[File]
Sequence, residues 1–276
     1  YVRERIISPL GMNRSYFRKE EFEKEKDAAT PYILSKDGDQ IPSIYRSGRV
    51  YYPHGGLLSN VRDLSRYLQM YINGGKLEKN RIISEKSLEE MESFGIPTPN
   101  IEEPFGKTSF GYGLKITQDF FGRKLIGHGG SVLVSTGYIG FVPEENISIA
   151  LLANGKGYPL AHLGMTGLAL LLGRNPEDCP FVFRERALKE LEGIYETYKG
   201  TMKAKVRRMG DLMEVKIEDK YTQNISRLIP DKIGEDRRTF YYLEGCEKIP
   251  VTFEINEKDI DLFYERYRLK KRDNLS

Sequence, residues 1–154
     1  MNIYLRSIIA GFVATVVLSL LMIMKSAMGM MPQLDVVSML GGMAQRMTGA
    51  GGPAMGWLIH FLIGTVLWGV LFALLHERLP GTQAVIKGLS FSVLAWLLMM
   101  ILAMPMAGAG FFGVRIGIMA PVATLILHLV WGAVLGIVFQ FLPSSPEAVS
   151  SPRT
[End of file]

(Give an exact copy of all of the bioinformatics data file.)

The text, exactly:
Sequence, residues 1–276
     1  YVRERIISPL GMNRSYFRKE EFEKEKDAAT PYILSKDGDQ IPSIYRSGRV
    51  YYPHGGLLSN VRDLSRYLQM YINGGKLEKN RIISEKSLEE MESFGIPTPN
   101  IEEPFGKTSF GYGLKITQDF FGRKLIGHGG SVLVSTGYIG FVPEENISIA
   151  LLANGKGYPL AHLGMTGLAL LLGRNPEDCP FVFRERALKE LEGIYETYKG
   201  TMKAKVRRMG DLMEVKIEDK YTQNISRLIP DKIGEDRRTF YYLEGCEKIP
   251  VTFEINEKDI DLFYERYRLK KRDNLS

Sequence, residues 1–154
     1  MNIYLRSIIA GFVATVVLSL LMIMKSAMGM MPQLDVVSML GGMAQRMTGA
    51  GGPAMGWLIH FLIGTVLWGV LFALLHERLP GTQAVIKGLS FSVLAWLLMM
   101  ILAMPMAGAG FFGVRIGIMA PVATLILHLV WGAVLGIVFQ FLPSSPEAVS
   151  SPRT